Historically, Robinhood has been the target of lawsuits and criticism that it wasn’t doing enough to educate its client base about what they were doing with their money. To head off similar criticism with this new product, the company is taking early steps to provide what Tenev described as in-app guidance, education and guardrails for users.

“A lot of the regulatory backdrop on what makes an IRA different and unique is unclear and opaque . . .” said Tenev. “So we want to make sure that people are not putting money in the wrong way, or taking it out the wrong way, without being fully aware of the tax penalties.”

The plan is for the bulk of customers to be onboarded by the end of January, so that those who are interested in making a contribution can do so before filing taxes. Meanwhile, users who are “really excited to use it early” will get an instant access option — but only if they refer someone, even existing Robinhood customers, to the waitlist using their referral code, said Sam Nordstrom, Robinhood’s manager of product management.

Once onboarded, users will have the choice of investing in stocks and ETFs through either a traditional IRA or a Roth IRA, says Robinhood. Customers can build a “custom” portfolio through “tailored” in-app recommendations or by choosing their own investments — or a mix of both. They also can earn interest on cash stock lending.

Adding to its bottom line


Robinhood needs the product to work. It reported losing 1.8 million monthly active users in the third quarter, a quarterly decrease of 12.8% to 12.2 million, “the lowest level since it listed as a publicly traded company,” according to Yahoo News.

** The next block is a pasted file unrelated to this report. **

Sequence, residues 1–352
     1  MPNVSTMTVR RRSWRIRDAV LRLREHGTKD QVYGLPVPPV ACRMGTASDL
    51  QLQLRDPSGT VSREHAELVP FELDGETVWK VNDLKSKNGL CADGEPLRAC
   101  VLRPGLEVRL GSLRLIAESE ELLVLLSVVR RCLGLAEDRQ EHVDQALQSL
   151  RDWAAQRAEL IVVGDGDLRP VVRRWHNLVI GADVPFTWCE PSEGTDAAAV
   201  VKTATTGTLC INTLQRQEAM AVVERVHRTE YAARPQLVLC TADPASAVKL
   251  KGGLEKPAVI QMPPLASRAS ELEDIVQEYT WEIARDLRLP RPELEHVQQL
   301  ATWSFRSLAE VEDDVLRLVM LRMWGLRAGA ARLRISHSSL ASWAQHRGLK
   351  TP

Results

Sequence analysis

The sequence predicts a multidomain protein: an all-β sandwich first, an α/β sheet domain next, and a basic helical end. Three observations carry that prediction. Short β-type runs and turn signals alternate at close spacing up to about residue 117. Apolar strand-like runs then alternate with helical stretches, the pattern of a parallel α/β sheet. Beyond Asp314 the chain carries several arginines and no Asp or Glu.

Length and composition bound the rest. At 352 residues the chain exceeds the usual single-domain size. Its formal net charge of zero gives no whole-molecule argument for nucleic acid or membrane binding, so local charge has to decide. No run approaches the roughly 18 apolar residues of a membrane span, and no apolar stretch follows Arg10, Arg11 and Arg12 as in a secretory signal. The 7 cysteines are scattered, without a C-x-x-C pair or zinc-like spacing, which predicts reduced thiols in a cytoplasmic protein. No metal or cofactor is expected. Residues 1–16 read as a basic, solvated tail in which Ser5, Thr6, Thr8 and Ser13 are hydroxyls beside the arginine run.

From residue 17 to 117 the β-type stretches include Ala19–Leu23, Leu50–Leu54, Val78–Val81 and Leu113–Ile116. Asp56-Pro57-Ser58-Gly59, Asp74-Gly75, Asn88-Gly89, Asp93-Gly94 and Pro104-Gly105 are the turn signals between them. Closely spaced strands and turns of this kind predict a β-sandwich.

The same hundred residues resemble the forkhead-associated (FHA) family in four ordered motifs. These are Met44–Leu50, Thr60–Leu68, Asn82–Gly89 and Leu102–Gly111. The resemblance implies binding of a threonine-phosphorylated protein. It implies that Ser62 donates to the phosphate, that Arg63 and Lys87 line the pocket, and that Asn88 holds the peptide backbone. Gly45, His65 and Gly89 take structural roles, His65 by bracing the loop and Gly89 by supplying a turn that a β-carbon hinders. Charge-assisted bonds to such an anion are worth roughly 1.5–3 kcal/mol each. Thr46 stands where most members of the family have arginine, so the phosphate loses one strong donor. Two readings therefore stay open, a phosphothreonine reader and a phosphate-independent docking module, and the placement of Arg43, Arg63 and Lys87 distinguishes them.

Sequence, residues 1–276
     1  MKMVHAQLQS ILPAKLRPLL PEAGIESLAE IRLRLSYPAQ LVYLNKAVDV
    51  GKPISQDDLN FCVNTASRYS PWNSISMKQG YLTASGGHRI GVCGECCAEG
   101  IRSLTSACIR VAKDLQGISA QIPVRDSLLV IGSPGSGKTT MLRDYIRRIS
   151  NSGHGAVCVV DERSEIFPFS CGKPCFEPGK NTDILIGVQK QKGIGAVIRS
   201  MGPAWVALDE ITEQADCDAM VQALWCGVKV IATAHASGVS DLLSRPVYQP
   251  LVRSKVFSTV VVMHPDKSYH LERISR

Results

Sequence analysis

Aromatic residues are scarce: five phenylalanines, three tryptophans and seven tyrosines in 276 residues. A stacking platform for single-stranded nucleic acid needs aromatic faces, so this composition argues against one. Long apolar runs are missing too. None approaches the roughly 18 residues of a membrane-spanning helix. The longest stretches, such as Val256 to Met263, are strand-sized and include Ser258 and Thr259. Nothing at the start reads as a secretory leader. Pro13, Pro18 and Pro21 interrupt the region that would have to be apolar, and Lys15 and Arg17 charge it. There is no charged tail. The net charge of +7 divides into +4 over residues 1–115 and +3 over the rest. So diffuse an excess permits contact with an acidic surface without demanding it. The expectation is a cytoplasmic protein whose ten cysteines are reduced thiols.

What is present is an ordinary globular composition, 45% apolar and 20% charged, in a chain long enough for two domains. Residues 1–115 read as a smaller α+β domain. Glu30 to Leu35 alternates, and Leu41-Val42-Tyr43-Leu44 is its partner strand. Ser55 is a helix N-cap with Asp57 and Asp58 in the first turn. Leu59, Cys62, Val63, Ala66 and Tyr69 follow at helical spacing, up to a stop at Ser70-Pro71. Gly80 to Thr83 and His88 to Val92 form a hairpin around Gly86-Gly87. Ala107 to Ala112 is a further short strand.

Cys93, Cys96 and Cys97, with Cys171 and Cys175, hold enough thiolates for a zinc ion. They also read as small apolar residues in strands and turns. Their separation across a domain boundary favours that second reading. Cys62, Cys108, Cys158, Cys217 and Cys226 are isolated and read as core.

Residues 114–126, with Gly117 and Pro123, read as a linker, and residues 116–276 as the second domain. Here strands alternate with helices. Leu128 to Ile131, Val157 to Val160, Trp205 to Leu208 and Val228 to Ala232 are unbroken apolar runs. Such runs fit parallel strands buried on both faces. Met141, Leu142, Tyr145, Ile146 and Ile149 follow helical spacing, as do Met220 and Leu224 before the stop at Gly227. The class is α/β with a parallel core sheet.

On a positive note, in early November, Robinhood reported third-quarter financials that beat revenue and earnings estimates mainly due to higher interest earned from rising rates. Specifically, it notched revenue of $361 million on a net loss of $175 million, or 20 cents diluted earnings per share versus expectations of $357.7 million on expectations of 27 cents diluted earnings per share.

It’s easy to see how retirement accounts could quickly add to its bottom line. Robinhood has several revenue streams, including through subscriptions via a “Gold” product. But much of the money it makes from its taxable brokerage accounts is through payment for order flow, a controversial practice that last year, the Securities & Exchange Commission threatened to ban, before reversing course this fall.

Layering retirement accounts into the mix will only increase the amount of orders flowing through its platform. Indeed, the expectation is that Robinhood will see a “a significant increase in assets on the platform, and activity, over time,” Tenev says.

Robinhood is also banking on the fact that there are plenty of Gen Z and millennials who are interested in retirement but have not yet started amassing assets toward that end. And it’s hoping to entice them to do so during a down market.

The decision to add a retirement offering, the company claims, is in part based on customer feedback of the desire to have “all their financial investment accounts in one place,” according to Tenev.

“We’re building a product home for all your money,” Tenev said.